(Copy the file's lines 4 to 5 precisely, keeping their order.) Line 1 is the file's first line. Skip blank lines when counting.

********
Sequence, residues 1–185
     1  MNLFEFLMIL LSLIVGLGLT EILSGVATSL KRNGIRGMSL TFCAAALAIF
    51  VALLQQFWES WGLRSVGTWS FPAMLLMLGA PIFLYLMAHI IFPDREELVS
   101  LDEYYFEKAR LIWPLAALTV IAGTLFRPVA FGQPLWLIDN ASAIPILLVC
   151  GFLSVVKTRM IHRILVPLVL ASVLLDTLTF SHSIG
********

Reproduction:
   101  LDEYYFEKAR LIWPLAALTV IAGTLFRPVA FGQPLWLIDN ASAIPILLVC
   151  GFLSVVKTRM IHRILVPLVL ASVLLDTLTF SHSIG